Shatzkin shares latest on maximizing the backlist in digital publishing era
July 30, 2014 | 6:47 pm
Mike Shatzkin’s commentary on developments in the publishing industry has often featured in TeleRead in the past – not always in entirely respectful terms. All the same, he’s often good for wrap-ups of not-quite-leading-edge newly-received wisdom in mainstream publishing, and one such piece is his latest post entitled (deep breath…): “Publishers need to rethink their marketing deployments and tactics in the digital age to take advantage of their backlists.”
Shatzkin delves into the traditional publishing priorities of frontlist versus backlist marketing (“Books have always been launched like rockets. The publisher commits maximum firepower to getting them off the ground. Most crash to earth. Some go into orbit.”), and the changes that have moved the book world away from those old standards (“In the digital age, the “guided missile” is a more appropriate metaphor for best practice than the “rocket”.”) Now, as he sees it, “marketing efforts for all books need to be continuous,” because “some marketing effort, including price-fiddling, applied to long-ago backlist can resuscitate a dormant book.”
Even if such insights are hardly new, they are worth reiterating when they point to “a critical strategic question here that the industry has not resolved.” As Shatzkin calls it, the publishing industry now does best to rely on its authors for continuous self-promotion, rather than trying to market its entire backlist by itself. Amazon and similar platforms mean that the entire backlist – ebook or hard copy alike – is potentially discoverable, and many consumers are buying right there, lifting the load of physical distribution off publishers’ shoulders. But the most cost-effective marketer for a backlist title is in many cases going to be the author – if that author is equipped to do so. And, as Shatzkin acknowledges, in the self-publishing era, the danger is that the more capable self-promoting authors will simply elect to do it themselves and vanish off the list entirely.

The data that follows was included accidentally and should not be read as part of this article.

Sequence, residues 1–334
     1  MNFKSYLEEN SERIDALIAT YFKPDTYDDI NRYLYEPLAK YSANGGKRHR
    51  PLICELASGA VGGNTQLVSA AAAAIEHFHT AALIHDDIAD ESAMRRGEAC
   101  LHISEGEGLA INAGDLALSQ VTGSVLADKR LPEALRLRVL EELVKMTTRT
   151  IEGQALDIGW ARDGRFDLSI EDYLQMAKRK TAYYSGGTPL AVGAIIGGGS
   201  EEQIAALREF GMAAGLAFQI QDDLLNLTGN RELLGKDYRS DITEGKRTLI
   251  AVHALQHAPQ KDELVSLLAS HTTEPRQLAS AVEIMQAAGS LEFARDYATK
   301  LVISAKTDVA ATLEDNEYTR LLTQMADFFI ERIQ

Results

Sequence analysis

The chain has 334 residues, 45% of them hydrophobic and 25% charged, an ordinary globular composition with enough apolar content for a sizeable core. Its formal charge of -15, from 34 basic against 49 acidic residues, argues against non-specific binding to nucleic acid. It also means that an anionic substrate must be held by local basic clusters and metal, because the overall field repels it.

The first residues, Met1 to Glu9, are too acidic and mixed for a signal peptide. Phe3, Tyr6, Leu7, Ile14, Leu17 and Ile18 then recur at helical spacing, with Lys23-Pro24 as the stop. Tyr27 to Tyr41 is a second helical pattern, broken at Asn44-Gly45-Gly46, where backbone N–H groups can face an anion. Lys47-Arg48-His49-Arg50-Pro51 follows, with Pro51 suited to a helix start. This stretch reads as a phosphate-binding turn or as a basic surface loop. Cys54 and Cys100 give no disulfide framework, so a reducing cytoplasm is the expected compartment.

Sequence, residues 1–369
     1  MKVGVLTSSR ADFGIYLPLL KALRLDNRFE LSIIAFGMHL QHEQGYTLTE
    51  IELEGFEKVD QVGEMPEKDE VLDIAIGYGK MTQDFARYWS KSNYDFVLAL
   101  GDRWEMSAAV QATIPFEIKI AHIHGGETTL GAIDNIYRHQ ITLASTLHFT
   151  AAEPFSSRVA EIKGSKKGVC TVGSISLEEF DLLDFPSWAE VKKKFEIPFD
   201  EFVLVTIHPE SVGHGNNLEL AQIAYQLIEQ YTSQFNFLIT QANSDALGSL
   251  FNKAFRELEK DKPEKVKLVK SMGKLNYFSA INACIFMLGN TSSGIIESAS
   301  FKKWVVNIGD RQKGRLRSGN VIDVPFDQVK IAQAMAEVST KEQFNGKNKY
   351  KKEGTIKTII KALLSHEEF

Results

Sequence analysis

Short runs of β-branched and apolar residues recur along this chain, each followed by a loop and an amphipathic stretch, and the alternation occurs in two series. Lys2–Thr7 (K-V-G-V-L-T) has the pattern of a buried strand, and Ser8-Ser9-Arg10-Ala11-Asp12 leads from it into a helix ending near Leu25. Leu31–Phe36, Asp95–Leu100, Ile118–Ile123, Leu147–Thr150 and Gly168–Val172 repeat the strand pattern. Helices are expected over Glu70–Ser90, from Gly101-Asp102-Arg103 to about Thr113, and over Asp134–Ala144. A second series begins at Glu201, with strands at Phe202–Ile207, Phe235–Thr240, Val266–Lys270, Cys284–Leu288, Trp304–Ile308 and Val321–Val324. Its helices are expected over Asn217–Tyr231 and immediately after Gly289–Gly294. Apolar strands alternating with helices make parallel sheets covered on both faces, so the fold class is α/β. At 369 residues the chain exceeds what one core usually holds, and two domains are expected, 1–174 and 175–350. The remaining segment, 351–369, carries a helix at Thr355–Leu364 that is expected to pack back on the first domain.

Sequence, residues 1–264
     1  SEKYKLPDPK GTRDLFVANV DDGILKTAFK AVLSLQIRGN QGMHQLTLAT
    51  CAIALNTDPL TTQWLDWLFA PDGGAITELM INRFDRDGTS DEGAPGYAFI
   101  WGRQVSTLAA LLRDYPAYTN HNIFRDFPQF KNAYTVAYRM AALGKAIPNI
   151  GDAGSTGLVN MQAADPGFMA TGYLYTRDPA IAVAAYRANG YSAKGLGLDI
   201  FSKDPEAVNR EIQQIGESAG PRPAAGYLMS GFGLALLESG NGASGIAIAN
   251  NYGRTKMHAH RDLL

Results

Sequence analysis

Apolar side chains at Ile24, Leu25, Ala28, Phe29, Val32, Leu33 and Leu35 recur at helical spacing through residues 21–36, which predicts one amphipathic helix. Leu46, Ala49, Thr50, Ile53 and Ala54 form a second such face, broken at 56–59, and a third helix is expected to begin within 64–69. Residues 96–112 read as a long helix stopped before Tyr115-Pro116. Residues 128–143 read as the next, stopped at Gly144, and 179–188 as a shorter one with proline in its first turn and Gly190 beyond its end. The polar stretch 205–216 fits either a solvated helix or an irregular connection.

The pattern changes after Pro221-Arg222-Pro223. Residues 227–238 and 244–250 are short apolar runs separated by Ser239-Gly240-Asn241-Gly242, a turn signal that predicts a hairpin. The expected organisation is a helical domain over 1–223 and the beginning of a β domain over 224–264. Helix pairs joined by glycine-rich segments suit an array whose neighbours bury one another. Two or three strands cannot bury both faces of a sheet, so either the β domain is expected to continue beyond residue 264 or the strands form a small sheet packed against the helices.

“Publishers really need to work out ways to support authors who can contribute to their own marketing,” he continues. “But it is complicated and it can only done between a publisher and an author who acknowledge their own and each other’s interests and responsibilities.”
That would be a win:win, and a welcome development in the industry. Unfortunately, many traditional publishers still seem to be having trouble genuinely aligning their interests with those of authors and working out ways for both to benefit as partners – rather than viewing the authors as a resource that can be mined until exhausted, as many doubtless still do. After all, what does Author Solutions tell about Penguin Random House’s concern for the interests of its authors?
There is plenty, plenty more detail in Shatzkin’s blog post about how to build that “environment of collaborative synergy,” and for authors, certainly, it can’t come a moment too soon.